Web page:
A group of entrepreneurial UK engineers is planning to build a mid-mass logistics drone for global markets. The system will be aimed initially at remote and isolated communities with plans to roll it out in urban areas over time.
Called Sky Hopper, the UAV has an electrically powered tri fan design that will be constructed at Prestwick in the West of Scotland. Its avionics are being developed in Hampshire in South Central England. Cargo mass load is 100 kilograms.
The Sky Hopper team consists of aeronautical engineers, certification and design specialists, electric machine designers, and advanced battery developers.
“Civil UAV development is still in early days,” says project leader Eben Wilson. “We want to engineer a pathway to a commercial future; and we have the strong team to work through the certification requirements alongside the technical issues. It’s a challenge, but it really is time we did this.”
“Taking a step upwards to an industrial vehicle demands that we innovate across all our disciplines,” says Dr Richard Brown, the project’s aerodynamicist. “We plan to build a series of demonstrators, resolving structural, power and flight control needs. We have some of the best skills available, and we are a small agile team.”
The drone will be developed in close co-ordination with the regulators to devise safe operating methods and procedures.
“The regulators want a civil UAV industry to develop in the UK,” says Fred Gorrie, technical lead in design certification and regulation, “but they also want safety equal to normal aerospace industry competences. That’s where we want to go too, and we think Scotland gives us the space to do that.”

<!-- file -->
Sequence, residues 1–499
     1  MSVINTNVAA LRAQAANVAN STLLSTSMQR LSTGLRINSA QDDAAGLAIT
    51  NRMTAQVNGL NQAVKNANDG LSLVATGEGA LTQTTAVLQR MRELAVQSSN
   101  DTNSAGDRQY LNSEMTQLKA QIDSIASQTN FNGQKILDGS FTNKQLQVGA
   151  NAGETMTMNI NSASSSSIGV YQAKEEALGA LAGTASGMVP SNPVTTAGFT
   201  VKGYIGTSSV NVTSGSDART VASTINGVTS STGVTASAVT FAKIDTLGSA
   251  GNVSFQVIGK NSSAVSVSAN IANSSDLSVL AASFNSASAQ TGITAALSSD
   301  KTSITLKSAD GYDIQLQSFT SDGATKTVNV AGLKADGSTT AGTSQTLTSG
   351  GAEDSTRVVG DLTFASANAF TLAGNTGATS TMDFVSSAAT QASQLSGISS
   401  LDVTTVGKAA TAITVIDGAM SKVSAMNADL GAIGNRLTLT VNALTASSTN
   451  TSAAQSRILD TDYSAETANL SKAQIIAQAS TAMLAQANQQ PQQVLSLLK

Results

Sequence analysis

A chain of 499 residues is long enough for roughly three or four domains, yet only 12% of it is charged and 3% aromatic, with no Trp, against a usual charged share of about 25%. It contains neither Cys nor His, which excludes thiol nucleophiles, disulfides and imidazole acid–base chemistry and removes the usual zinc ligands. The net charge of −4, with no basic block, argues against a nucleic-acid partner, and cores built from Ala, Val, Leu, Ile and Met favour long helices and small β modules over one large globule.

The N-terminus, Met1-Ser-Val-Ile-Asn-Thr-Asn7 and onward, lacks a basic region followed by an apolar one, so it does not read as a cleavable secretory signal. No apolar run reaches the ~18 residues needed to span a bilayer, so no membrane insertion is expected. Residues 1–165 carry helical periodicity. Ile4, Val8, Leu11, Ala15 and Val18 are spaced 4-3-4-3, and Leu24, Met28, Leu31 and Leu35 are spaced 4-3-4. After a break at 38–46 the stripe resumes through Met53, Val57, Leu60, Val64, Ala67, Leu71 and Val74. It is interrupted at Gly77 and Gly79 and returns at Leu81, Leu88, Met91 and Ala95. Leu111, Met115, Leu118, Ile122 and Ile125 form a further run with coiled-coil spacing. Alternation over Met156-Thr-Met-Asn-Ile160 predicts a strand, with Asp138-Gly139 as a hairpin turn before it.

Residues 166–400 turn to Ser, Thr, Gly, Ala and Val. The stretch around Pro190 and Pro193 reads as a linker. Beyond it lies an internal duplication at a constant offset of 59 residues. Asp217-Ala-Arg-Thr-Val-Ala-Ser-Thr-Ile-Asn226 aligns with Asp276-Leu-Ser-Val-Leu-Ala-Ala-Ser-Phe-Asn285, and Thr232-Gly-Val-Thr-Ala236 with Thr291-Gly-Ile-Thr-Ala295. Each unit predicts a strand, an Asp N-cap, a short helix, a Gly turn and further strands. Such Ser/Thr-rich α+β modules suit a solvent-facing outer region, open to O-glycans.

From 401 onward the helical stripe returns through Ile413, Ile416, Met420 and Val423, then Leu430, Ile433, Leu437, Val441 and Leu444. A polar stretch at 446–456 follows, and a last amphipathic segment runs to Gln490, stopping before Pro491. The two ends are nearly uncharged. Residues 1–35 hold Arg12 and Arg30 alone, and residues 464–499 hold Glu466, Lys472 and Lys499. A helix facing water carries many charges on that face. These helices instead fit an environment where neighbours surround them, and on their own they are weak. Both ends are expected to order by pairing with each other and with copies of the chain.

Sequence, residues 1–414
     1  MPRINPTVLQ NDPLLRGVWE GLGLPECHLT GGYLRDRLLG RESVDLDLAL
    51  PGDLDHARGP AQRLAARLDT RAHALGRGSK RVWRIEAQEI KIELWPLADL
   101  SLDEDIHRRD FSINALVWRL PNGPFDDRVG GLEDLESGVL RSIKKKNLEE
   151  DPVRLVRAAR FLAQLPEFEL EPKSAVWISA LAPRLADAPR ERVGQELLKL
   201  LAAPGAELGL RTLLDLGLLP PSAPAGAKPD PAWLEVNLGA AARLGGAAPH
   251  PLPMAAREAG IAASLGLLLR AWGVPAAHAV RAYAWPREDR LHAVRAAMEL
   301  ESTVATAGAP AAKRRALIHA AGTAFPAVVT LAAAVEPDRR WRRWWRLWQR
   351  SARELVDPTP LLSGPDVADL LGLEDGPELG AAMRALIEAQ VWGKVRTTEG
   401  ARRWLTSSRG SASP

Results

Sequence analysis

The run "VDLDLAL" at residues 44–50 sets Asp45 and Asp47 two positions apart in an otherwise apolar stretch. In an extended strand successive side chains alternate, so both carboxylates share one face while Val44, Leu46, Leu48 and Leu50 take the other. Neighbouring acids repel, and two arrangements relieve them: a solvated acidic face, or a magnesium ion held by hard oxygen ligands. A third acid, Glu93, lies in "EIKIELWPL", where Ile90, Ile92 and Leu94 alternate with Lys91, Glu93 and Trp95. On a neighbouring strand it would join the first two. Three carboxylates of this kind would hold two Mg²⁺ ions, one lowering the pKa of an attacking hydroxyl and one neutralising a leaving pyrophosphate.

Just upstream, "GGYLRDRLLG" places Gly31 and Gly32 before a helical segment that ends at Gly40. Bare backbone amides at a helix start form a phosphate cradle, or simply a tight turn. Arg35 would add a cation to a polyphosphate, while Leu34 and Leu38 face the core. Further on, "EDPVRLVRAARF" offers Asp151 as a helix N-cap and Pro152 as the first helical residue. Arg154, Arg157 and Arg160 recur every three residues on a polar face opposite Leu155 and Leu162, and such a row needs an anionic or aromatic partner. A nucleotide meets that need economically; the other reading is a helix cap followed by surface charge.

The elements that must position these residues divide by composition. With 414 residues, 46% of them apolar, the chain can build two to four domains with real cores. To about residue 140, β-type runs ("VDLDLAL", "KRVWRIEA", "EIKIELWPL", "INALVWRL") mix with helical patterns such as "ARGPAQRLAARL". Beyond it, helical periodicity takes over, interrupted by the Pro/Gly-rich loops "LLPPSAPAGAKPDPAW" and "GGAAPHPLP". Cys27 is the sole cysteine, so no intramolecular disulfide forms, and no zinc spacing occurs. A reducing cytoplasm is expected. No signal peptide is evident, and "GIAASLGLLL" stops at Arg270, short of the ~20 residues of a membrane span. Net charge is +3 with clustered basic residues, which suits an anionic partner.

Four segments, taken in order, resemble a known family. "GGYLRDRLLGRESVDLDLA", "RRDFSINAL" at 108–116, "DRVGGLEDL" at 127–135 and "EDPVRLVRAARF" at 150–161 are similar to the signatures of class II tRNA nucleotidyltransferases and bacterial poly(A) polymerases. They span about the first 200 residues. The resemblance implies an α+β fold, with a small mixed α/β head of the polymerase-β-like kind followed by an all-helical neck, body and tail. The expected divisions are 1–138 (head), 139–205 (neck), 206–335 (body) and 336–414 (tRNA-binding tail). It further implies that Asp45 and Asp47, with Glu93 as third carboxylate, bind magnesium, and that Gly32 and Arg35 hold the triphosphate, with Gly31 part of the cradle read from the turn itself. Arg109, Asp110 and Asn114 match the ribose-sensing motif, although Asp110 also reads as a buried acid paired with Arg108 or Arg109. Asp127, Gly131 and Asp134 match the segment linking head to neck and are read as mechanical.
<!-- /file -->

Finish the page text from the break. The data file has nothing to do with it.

Being sparsely inhabitited, the West of Scotland offers a unique territory to develop beyond visual line of sight (BVLOS) potential, while testing autonomous flight capabilities.
“The commercial potential for UAV operations is huge globally. We’re talking re-supply, infrastructure support and other as yet unanticipated logistical operations,” says project lead Eben Wilson who is an economist by training. “We’ve got to grasp the future and believe in our engineering expertise.”
The Sky Hopper project commercial plan includes unmanned delivery networks that set up local communities as franchisees for aero-parks; locally owned assets through which multiple Sky Hopper missions are flown, creating revenue for local communities.
Early prototyping of the Sky Hopper has been privately funded; the founders have invested their own money along with some initial sponsorship funding. A sequenced campaign of further donations, crowd funding via Indiegogo and a follow up Enterprise Investment Scheme is underway.
“We may sound like evangelists, saying that we want the funding to be based on a shared interest in inspired innovation, but we really mean it,” says Eben Wilson, “in today’s global markets we can stand on the side lines and wait for the big corporates to come along and feed us with their trinkets; allowing us only to become their shopkeepers. But that’s not what we British have been in the past, and certainly in the West of Scotland we feel firmly entrenched in our historic industrial traditions. We like building stuff, and Sky Hopper contains the stuff of the future.”